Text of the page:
‘In our study we mapped not only the distribution of present-day frugivores but also those species that went extinct in the last 130,000 years’, says Dr. Jun Ying Lim, the lead author of the study. ‘This allowed us to quantify the relationship between mammalian frugivores and palms for both the present and the past. We then used simulations to make projections into the future under different extinction scenarios, and predicted which mammals are likely to go extinct in the next 100 years and how this might affect palms’.
An important baseline of the study is that the researchers could demonstrate a relationship between the maximum body sizes of fruit-eating mammals and the sizes of the largest palm fruit across the world. ‘To quantify this, we compiled the necessary data on traits and species distributions for hundreds and thousands of mammals and palms over many years, mainly from existing databases, published articles, books, museum records, specialized websites and other scientific sources’, says Dr. W. Daniel Kissling, researcher at the UvA Institute for Biodiversity and Ecosystem Dynamics and senior author of the study.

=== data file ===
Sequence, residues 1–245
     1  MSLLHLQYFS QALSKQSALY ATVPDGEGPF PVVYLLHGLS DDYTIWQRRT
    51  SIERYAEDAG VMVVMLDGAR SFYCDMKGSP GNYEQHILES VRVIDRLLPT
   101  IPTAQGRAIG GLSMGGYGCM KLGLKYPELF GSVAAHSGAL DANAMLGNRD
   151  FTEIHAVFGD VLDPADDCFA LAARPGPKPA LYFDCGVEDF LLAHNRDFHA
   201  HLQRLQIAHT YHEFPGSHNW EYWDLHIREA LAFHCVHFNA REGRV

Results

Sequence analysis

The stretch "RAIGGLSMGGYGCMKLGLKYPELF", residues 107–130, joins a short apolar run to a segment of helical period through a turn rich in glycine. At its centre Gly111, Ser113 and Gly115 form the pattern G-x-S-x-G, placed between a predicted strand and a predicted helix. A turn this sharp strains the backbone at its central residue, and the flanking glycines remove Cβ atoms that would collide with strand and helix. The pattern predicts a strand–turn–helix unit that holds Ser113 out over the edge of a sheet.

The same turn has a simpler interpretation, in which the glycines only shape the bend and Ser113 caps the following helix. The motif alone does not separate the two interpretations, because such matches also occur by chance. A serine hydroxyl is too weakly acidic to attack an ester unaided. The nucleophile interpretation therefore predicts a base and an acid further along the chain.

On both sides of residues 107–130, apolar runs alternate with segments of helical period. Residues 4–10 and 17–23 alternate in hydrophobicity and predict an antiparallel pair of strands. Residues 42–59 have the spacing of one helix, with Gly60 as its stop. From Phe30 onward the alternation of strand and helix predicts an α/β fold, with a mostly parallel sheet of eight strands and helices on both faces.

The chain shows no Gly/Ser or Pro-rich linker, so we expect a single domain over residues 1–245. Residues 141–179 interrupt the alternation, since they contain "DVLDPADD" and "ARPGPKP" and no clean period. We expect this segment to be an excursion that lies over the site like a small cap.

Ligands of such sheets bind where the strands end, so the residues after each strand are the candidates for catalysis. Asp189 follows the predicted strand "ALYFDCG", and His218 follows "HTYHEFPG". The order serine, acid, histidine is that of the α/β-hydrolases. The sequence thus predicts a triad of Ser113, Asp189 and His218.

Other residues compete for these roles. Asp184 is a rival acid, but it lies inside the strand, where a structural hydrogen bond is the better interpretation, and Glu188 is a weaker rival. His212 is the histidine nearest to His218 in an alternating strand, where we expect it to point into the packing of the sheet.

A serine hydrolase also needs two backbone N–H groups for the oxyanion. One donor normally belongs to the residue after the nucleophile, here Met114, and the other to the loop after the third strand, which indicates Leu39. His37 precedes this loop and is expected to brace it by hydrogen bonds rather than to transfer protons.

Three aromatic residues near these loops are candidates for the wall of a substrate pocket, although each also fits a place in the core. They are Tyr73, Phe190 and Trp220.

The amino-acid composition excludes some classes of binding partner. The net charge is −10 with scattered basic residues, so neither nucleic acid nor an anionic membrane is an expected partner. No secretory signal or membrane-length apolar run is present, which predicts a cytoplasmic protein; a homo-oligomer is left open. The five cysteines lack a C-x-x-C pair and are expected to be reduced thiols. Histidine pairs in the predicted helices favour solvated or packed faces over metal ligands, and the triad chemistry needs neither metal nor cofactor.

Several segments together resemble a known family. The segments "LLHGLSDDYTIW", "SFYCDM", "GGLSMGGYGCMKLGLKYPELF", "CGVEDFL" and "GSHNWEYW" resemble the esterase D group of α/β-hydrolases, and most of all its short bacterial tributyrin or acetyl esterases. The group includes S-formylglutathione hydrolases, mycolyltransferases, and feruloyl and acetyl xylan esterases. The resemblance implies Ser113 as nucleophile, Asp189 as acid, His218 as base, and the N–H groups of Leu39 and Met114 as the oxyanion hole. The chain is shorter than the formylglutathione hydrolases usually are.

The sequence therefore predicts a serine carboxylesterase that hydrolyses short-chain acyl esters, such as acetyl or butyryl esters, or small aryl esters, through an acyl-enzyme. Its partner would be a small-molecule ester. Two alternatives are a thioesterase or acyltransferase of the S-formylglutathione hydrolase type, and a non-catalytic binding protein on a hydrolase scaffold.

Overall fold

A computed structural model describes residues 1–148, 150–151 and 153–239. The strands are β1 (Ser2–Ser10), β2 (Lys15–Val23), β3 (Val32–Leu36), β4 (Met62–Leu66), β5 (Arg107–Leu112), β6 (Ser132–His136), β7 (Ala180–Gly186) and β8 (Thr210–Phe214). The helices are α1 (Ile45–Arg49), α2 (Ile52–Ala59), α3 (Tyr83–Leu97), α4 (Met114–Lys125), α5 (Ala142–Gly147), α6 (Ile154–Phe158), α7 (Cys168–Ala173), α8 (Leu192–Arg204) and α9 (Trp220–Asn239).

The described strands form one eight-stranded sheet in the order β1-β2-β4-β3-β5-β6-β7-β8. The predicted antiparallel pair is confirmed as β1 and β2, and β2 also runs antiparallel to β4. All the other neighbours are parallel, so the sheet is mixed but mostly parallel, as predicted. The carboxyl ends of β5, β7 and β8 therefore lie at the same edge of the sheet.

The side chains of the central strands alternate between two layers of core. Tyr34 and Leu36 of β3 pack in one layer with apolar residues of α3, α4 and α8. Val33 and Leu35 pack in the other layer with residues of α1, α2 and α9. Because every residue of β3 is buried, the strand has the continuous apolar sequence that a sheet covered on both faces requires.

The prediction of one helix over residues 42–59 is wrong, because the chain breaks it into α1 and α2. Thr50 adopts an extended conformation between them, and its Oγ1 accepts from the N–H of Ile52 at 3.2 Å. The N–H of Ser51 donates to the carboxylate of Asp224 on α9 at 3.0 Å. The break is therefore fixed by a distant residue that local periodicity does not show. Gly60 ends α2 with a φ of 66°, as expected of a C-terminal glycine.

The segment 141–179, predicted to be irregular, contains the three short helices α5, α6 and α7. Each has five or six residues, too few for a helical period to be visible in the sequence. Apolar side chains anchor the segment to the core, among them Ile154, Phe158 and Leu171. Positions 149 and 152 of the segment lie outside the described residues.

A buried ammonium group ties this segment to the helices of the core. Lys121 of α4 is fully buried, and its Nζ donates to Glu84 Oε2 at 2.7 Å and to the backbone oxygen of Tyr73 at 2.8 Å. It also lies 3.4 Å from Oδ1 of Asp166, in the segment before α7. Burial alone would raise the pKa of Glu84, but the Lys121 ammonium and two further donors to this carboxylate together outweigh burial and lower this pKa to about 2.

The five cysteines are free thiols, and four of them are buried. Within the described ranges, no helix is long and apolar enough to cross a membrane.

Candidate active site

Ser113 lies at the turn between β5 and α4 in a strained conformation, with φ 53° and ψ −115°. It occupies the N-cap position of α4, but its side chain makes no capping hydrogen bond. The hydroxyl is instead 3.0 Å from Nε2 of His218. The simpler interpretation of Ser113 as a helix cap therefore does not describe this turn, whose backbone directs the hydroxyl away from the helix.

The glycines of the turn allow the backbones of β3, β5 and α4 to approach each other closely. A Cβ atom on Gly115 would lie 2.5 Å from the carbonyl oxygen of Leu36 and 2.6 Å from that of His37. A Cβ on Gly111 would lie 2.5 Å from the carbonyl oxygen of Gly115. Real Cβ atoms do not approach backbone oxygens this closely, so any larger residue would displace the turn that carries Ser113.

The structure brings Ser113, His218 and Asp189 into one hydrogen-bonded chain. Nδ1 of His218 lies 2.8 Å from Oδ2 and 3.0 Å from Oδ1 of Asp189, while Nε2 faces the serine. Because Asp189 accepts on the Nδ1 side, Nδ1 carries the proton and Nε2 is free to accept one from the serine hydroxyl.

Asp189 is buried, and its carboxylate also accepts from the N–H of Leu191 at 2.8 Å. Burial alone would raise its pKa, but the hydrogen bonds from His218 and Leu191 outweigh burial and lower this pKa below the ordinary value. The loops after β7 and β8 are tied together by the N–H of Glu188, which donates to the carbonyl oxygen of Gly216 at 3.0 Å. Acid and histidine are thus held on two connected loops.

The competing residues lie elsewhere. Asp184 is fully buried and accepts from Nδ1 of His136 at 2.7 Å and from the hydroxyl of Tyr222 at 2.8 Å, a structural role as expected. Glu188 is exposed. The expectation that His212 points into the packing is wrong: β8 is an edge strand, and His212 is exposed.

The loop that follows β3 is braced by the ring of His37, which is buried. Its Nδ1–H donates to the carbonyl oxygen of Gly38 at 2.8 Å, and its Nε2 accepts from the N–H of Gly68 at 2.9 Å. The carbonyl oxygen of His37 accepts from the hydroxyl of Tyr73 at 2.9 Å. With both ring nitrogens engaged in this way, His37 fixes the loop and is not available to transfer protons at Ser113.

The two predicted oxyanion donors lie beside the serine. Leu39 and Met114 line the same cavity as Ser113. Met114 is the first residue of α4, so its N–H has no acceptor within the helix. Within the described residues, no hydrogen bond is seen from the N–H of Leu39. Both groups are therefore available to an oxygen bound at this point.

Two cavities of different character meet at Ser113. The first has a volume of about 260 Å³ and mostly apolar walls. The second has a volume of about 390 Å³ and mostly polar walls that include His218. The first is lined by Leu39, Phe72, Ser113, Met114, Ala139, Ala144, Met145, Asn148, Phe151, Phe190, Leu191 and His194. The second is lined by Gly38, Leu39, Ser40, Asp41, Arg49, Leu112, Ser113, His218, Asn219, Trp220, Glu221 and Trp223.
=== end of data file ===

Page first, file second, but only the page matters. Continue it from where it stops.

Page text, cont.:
Such global analyses with big datasets are only possible because generations of scientists have measured and collected data on palms and mammals all over the world. ‘We synthesize and integrate such measurements into large databases and use statistical models and simulations to infer ecological relationships and to detect global change’, continues Kissling.